Digital Modernity And Dissent On The Periphery: A World-Systems Analysis Of Saul Williams
Saul Williams’ catalog of albums and performances have consciously investigated the construction and history of race in the United States. Practicing as a spoken word artist alongside his status as an alternative hip-hop pioneer, his work makes visible the legacy of radical politics and thought in the development of the genre. Critical, political, and artistic praxis intermingle in both his recorded work and approach to performance.Williams’ two most recent albums — MartyrLoserKing (2016) and Encrypted & Vulnerable (2019) — continue this exploratory output in a manner, I will argue, engages core tenets of world-systems analysis. The former contains an underlying lyrical narrative featuring a protagonist in Burundi who auto-didactically constructs a potent hacker profile bearing the name MartyrLoserKing. This digital alias acts as a space of empowerment, representation, and critique of broad ideological institutions and hegemonies that compound and sustain the managed underdevelopment of the Global South. One track imagines ‘Coltan as Cotton’, while others expand on tropes of labour and resistance through digital piracy. As such the album contains implicit commentary on the political underpinnings of hip-hop and sampling culture as a mode of resistance through musicality as well as lyricism in a fashion that extends its reach to a global system of disenfranchisement. This paper will draw upon the lens of world-systems analysis in order to map its interdisciplinary potential via Williams’ recent creative output.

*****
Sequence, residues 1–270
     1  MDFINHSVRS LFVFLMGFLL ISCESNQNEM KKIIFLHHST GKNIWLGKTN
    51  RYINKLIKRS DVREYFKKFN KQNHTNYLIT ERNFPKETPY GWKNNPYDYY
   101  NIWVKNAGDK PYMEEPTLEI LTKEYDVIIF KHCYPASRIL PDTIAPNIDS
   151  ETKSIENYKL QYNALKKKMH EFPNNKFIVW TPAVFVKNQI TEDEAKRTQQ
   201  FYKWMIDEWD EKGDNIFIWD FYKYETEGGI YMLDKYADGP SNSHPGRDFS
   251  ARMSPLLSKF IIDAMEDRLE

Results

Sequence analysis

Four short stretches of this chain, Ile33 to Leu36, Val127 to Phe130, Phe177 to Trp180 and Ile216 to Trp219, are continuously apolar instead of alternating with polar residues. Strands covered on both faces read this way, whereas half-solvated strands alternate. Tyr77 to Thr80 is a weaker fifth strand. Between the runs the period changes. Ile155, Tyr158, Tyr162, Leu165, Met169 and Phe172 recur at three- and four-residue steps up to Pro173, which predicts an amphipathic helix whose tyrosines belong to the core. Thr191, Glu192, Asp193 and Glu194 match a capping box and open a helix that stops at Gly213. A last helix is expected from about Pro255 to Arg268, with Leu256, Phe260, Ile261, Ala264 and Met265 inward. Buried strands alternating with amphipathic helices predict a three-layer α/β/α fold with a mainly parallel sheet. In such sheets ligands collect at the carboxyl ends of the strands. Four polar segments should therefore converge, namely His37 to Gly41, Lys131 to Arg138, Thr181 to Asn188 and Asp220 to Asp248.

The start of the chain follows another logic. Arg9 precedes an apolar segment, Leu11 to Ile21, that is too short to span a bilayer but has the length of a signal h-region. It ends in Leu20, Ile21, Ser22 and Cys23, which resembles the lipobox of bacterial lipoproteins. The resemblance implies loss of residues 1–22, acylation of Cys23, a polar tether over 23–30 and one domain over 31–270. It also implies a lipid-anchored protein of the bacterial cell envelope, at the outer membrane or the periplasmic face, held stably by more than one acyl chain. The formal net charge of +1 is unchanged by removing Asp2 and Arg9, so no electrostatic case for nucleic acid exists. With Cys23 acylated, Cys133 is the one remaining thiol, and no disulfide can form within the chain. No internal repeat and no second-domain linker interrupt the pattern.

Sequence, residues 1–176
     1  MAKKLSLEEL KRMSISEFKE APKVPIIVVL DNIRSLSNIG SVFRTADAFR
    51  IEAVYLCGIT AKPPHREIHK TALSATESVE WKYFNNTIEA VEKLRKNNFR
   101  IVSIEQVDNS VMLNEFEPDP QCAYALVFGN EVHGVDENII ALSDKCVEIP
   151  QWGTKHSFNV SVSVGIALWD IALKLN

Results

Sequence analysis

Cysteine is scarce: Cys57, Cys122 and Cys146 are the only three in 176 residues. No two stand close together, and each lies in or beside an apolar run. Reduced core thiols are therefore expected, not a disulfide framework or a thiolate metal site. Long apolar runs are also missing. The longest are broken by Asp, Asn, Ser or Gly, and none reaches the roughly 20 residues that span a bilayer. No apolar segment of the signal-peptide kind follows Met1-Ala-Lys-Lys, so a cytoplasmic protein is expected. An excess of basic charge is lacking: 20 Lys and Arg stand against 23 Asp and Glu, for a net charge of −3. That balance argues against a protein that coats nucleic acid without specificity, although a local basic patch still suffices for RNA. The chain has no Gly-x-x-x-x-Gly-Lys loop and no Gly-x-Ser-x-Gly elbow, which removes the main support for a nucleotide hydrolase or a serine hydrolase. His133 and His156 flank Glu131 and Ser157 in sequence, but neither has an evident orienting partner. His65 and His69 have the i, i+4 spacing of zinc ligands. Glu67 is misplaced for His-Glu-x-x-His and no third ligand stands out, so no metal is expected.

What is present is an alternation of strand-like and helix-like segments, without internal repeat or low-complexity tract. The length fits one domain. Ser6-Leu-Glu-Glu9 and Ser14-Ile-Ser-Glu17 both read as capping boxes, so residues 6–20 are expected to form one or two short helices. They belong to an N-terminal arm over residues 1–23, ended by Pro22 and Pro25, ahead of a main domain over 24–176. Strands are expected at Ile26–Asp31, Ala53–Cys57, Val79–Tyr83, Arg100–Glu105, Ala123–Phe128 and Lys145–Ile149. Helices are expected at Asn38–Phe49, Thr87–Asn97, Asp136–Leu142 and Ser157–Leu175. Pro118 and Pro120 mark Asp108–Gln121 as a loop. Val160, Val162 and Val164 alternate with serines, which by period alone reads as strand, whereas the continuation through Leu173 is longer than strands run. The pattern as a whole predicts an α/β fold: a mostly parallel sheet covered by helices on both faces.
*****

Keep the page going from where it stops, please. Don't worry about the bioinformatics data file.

David is a senior lecturer at BIMM Institute London, where he teaches popular music studies with a focus on cultural theory. He completed his PhD at University College Dublin in 2018 with a thesis that explored the expression of atheism in contemporary North American literature in relation to neoliberal culture and the post 9/11 socio-political environment. He has published work in the European Journal of American studies, and has an article forthcoming in Metal Music Studies.